Proceedings of the royal society b-biological sciences vol:272 issue:1568 pages:1129-1137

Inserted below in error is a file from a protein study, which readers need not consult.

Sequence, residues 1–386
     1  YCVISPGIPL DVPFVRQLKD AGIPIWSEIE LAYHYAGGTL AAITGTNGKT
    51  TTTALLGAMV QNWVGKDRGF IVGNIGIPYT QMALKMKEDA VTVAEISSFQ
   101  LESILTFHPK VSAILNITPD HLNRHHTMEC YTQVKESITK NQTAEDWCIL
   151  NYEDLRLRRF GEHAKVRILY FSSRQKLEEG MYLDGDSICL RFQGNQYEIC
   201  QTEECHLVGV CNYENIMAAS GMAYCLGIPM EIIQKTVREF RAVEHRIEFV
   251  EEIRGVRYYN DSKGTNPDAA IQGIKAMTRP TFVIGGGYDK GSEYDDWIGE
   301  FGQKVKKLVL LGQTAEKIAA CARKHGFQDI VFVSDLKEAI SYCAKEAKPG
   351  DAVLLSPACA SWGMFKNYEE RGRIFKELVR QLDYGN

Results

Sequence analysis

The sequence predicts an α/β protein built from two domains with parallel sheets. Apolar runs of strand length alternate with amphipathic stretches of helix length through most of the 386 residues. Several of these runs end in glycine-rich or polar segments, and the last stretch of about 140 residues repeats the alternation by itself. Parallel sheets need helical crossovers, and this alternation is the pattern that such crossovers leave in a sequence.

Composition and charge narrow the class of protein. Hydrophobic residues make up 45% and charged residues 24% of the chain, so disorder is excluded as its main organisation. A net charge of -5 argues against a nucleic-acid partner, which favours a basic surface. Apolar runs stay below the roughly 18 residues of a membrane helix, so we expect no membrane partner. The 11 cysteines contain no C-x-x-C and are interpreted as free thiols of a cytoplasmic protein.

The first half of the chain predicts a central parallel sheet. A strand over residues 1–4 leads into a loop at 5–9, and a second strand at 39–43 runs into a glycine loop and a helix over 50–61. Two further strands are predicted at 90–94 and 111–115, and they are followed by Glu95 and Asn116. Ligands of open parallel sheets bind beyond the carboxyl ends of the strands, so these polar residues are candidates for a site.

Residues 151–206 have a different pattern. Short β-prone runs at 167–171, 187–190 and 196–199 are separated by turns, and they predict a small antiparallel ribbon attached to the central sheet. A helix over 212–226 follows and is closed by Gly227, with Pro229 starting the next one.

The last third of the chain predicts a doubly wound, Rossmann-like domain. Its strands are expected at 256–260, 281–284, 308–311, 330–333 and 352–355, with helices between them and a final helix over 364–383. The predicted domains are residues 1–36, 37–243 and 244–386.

The European eel (Anguilla anguilla L.) has been a prime example of the panmixia paradigm because of its extraordinary adaptation to the North Atlantic gyral system, semelparous spawning in the Sargasso Sea and long trans-oceanic migration. Recently, this view was challenged by the suggestion of a genetic structure characterized by an isolation-by-distance (IBD) pattern. This is only likely if spawning subpopulations are spatially and/or temporally separated, followed by non-random larval dispersal. A limitation of previous genetic work on eels is the lack of replication over time to test for temporal stability of genetic structure. Here, we hypothesize that temporal genetic variation plays a significant role in explaining the spatial structure reported earlier for this species. We tested this by increasing the texture of geographical sampling and by including temporal replicates. Overall genetic differentiation among samples was low, highly significant and comparable with earlier studies (FST = 0.0014; p < 0.01). On the other hand, and in sharp contrast with current understandings, hierarchical analyses revealed no significant inter-location genetic heterogeneity and hence no IBD. Instead, genetic variation among temporal samples within sites clearly exceeded the geographical component. Our results provide support for the panmixia hypothesis and emphasize the importance of temporal replication when assessing population structure of marine fish species.